Date Published: June 01, 2017
Publisher: International Union of Crystallography
Author(s): S. Huband, D. S. Keeble, N. Zhang, A. M. Glazer, A. Bartasyte, P. A. Thomas.
The structure of lithium niobate-tantalate has been studied using powder and single-crystal X-ray diffraction focusing on the composition and temperature induced zero-birefringence points.
Lithium niobate (LN) and lithium tantalate (LT) have both been used extensively for their optical properties in a range of devices: including optical modulators, Pockels cells, optical parametric oscillators, waveguides etc. LN and LT are isostructural and ferroelectric at room temperature, with space group R3c. Their physical properties, however, differ from one another. For example, at room temperature LN has a negative birefringence and congruent LT is positive. Congruent crystals form with the same composition as the initial materials, which does not occur at the stoichiometric (equal Li and Nb or Ta content) composition for LN or LT. In these materials the congruent compositions are Li-deficient with compositions around 48.45 mol% Li2O (O’Bryan et al., 1985 ▸; Kushibiki & Ohashi, 2006 ▸).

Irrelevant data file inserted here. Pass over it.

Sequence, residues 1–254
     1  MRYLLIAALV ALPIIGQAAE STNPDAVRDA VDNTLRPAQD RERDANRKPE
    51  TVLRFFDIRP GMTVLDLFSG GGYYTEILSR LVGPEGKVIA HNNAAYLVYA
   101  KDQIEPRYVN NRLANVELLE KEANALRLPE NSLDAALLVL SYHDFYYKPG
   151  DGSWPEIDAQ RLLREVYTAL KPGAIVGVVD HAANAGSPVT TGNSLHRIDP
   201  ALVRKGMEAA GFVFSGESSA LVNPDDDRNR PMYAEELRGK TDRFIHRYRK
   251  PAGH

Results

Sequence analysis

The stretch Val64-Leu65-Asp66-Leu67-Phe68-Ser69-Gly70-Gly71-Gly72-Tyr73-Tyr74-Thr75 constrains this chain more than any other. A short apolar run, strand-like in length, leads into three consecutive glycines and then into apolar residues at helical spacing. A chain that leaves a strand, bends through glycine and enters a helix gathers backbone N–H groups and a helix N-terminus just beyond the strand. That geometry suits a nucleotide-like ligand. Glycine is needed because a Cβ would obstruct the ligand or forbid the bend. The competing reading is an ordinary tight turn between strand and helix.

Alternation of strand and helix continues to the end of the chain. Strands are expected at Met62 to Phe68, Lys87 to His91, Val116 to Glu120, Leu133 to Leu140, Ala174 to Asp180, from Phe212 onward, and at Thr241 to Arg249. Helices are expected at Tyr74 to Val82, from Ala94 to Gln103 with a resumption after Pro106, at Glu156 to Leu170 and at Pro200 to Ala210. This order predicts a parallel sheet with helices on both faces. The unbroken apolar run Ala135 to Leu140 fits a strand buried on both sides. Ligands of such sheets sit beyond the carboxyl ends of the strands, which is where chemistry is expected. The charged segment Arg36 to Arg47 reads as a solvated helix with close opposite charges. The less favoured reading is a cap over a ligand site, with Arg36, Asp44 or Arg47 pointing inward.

Powder LNT samples with a mass of 15 g were prepared by a solid-state reaction between Li2CO3 (99.99%), Nb2O5 (99.99%) and Ta2O5 (99.85%). The starting materials were weighed according to the desired ratios and then ball-milled in isopropanol, placed in a platinum crucible with a lid and sintered for 140 h at 1433 K, following the method used by Bartasyte et al. (2012 ▸). The main set of samples were made with compositions (LiNb1 − xTaxO3) of x = 0, 0.1, 0.2, 0.3, 0.4, 0.5, 0.6, 0.7, 0.8, 0.9 and 1, with a further focused region every 0.01 between 0.9 and 1. Variable-temperature measurements were made on compositions with x = 0.94, 0.96, 0.98, 0.99 and 1, along with high-temperature measurements only on x = 0.92.
The Li content of a LV flux-grown LT crystal was calculated to be 49.65 (10) and 49.6 (1) mol% Li2O using measurements of the Curie point and zero-birefringence temperature, respectively. The zero-birefringent temperature determined using flux-grown crystals increases as the LT content decreases, with a zero-birefringence temperature between 300 and 400 K for crystals with greater than 90 mol% LT. XRD and SHG measurements do not show any changes through these zero-birefringence points, confirming that the material remains polar at this temperature. At higher temperatures, the lattice parameters determined using high-resolution powder XRD measurements can be used to determine the transition temperature to the paraelectric phase.